Machines with brains: What are neural networks?

Machines with brains: What are neural networks?
Mar. 28, 2017 | by V. Georgieva

When we talk about machine learning, we often talk about neural networks. But as with many new analytical tools used in the industry today, we often talk about and use neural networks without understanding what they do. Today we decided to pull back the curtain a bit, and give you a basic introduction about what neural networks are, and what they do, and how they accomplish it.

Neural networks belong to a mathematical branch known as machine learning. Machine learning, in its basic definition, is a way of representing empirical data in an efficient form, so that it can either be reproduced, generalized, recognized or some pattern in it can be discovered. The goal of machine learning is, then, to summarize data in the form of (a set of) equations.

A very simple example of machine learning would be measuring a series of points that lie on a straight line. The straight line is a model that represents the data we have measured. We use a simple equation to represent the straight line: "y", the vertical axis, is equal to "m", the slope of that straight line, multiplied by "x", the horizontal axis, plus a constant "b" that is the intercept of the line with the vertical axis. So y = mx + b is a summary of the data and it includes two parameters: m and b. As the measurements for both x and y are imprecise, the model parameters m and b also have uncertainties. This allows the model to cope with the imprecise nature of real life data sets.

Finding the values of m and b from a particular set of empirical data is, as we said, a simple example of machine learning. Thousands of data points have been reduced to two parameters of an equation.

The method of how to compute the parameters of a model from data is called an algorithm. Beyond the algorithm needed to compute the parameters of a model from data, machine learning often needs a second algorithm to update the parameters whenever additional data becomes available. This is not always possible, depending on the model, and represents a serious advantage as initial learning is usually time consuming.

The way a machine approaches learning is not the same as a human, but considering an analogy can be quite useful in the case of neural networks.

The brain is essentially a network of neurons that are connected by synapses. Each neuron and each synapse are individually quite simple objects but in a network they are able to carry out some astonishingly complex actions. Consider putting a name to the face of a person, for example, and connecting that to memories with that person. All this happens unconsciously, within fractions of a second. That's a neural network at work.

As a person is not born knowing all the people they will meet in their life, the brain's neural network gets trained as it experiences things, learns them, and can then draw on this knowledge quickly.

That is similar to how an artificial neural network learns. You start with a prototypical neural network and you start feeding it experiences. The more experiences you show the neural network the more it becomes capable of correctly representing those experiences and recalling them in the future.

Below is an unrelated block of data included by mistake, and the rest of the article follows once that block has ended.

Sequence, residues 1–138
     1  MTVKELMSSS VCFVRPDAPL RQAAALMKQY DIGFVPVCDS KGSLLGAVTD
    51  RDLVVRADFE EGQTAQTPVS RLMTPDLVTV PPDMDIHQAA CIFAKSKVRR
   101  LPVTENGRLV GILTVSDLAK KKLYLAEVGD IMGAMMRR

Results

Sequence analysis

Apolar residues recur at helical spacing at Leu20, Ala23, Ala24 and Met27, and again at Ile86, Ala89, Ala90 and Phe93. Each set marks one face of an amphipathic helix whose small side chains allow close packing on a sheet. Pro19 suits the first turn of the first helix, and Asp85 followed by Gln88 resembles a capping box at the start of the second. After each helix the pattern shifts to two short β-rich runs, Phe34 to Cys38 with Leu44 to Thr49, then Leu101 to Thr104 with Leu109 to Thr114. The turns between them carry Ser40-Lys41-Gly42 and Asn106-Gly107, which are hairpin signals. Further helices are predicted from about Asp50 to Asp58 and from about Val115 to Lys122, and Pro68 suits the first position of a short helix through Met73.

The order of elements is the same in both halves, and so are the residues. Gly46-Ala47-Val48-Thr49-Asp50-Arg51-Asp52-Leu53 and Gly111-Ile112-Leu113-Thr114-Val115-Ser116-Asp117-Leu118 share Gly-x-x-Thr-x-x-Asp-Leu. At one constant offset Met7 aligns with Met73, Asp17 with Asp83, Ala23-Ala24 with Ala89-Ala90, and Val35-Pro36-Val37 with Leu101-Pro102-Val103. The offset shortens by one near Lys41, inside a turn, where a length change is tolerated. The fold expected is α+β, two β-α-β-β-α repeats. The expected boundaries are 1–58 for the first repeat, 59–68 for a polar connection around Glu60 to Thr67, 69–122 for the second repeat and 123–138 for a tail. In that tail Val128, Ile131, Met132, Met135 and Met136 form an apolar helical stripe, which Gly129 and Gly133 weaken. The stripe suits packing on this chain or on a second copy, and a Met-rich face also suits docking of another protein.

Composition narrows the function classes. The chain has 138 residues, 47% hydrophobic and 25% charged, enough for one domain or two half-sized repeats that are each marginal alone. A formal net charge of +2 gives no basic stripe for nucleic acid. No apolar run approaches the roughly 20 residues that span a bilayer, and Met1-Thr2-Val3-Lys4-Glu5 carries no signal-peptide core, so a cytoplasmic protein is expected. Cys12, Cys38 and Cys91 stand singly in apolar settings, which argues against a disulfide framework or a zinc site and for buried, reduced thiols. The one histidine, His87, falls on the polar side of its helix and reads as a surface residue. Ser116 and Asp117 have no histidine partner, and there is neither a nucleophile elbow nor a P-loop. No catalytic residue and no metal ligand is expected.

The learning of a straight line we discussed is a simple example of machine learning. Neural networks, on the other hand, are capable of representing extremely complex data sets.

A neural network consists of nodes that are connected to each other (not unlike the neurons, connected by synapses). The input data enters the network on special nodes and then begins to travel through the network. Every time a piece of data travels over a connection or encounters a node, it is modified according to mathematical rules. The modified data then exits the network on other special nodes. Each connection and each node carry parameters that specify exactly what is done there. In this way, the network represents the relationship between the output and the input data and thus represents a mathematical function just like the straight line. So a neural network is nothing more than an equation with parameters to be determined from the data that this network is supposed to represent.

All the fuss about neural networks is based on the fact that there exists a mathematical proof which we won't go into this article, that shows that if the network has enough nodes in it, then it is capable of accurately and precisely representing any data set, as long as the data set is internally consistent. This holds true even if the relationships in that data set are highly non-linear or time-dependent.

What does internally consistent mean? It means that the source of that data should always obey the same laws. In the case of industrial production, the data is produced by the laws of nature. As they do not change, the data set is internally consistent. The driving forces underlying the stock market, for example, are not constant over time and that is why neural networks cannot represent these data sets well.

In summary, a neural network is a complex mathematical formula that is capable of representing accurately any set of internally consistent data. The general approach to doing this is to take a formula with parameters and to determine the values of the parameters using a computational method. That is what we call machine learning.

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